Know your limits.
By Adriana Diaz
Downing just one shot of whiskey — or any adult beverage with a similar alcohol content — makes people more likely to harm others, or otherwise behave badly, a new study found.
“Despite the fact that many crimes are conducted under the influence of alcohol, there is little research to understand how drunk people think about right and wrong, or what their intentions are,” study author Mariola Paruzel-Czachura of the University of Silesia in Katowice told PsyPost.
“We all saw that drunk people might behave immorally or inappropriately, but no one before us studied this tendency in the laboratory. We aimed to test it, asking if drunk participants would be willing to do something wrong.”
The study, recently published a study in the peer-reviewed journal Psychopharmacology, found that drinking just one alcoholic beverage did influence individuals’ perceptions of right and wrong and could potentially lead them to act on behaviors they might otherwise consider immoral — such as engaging in so-called deviant sexual behaviors, or selling their souls.
Researchers at the University of Silesia separated participants into three groups: the alcohol group, the placebo group (those who were made to think they were drunk but were not) and the control group.
Each person was presented with a series of scenarios which they were asked to rank the scenarios from “I’d do it for free” to “I’d do it for 1 million dollars,” with an option to decline the action for any amount of money.
The scenarios set included things such as sticking a pin into the palm of a child they didn’t know, or cursing their parents to their face, to explore to what extent people would be likely to violate the five core moral foundations while lubricated.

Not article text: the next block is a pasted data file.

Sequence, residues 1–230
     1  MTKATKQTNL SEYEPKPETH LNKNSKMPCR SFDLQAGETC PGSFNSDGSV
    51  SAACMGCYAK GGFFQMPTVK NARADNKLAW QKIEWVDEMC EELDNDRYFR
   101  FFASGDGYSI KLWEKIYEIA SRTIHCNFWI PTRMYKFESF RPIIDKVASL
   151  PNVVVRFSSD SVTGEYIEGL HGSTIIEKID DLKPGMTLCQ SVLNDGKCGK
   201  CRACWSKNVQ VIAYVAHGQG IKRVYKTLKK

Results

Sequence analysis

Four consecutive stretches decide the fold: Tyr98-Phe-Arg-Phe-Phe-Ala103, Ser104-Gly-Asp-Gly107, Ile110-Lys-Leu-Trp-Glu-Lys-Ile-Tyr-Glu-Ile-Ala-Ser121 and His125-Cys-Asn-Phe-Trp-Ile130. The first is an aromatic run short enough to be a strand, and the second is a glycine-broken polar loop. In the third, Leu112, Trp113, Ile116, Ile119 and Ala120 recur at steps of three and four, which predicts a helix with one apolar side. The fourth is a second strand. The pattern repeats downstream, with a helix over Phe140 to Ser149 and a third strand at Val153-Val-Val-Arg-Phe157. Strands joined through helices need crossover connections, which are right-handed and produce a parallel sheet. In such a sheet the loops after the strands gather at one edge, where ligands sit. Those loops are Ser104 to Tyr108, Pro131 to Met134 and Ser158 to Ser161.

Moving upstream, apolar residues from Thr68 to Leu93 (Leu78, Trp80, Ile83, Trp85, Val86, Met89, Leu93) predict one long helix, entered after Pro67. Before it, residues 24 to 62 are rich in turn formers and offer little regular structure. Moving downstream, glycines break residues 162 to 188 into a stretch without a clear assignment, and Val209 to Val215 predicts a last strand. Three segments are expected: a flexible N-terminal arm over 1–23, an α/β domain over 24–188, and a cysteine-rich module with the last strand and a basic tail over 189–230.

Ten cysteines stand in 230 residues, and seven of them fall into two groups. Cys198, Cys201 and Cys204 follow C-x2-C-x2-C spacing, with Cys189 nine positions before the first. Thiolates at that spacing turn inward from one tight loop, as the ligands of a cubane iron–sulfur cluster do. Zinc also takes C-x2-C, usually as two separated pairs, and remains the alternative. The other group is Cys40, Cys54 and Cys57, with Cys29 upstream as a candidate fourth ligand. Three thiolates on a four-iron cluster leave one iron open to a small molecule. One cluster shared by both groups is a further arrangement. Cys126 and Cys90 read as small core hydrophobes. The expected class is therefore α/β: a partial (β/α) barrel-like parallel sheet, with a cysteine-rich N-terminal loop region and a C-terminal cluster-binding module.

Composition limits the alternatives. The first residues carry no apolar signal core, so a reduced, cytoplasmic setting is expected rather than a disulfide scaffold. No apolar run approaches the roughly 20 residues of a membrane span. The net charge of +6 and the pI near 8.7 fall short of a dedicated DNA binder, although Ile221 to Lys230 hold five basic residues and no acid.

The study found that alcohol altered people’s care and purity foundations but did not change their fairness, loyalty, or authority foundations.
Intoxicated people were more likely to harm others and engage in “impure” behaviors, researchers said.
“We can conclude that probably when people drink alcohol (one drink) they still think the same about moral issues, but at the same time, they are more willing to do something wrong,” Paruzel-Czachura said.
She suggested that the results “may be related to cognitive and emotional changes after drinking.”
Understanding how alcohol impacts people mentally and physically is increasingly important as Americans are now drinking as much alcohol as they did during the Civil War.
Excessive alcohol use was responsible for more than 140,000 deaths in the US each year between 2015 and 2019, the equivalent of more than 380 deaths per day, according to the CDC.
While some studies claim to support the potential health benefits of light to moderate alcohol consumption, several others have found that any amount of alcohol could increase the risk of developing health complications.
As many Americans struggle to manage their drinking, an increasing number of millennials and Gen Zers are exploring sobriety with their health in mind.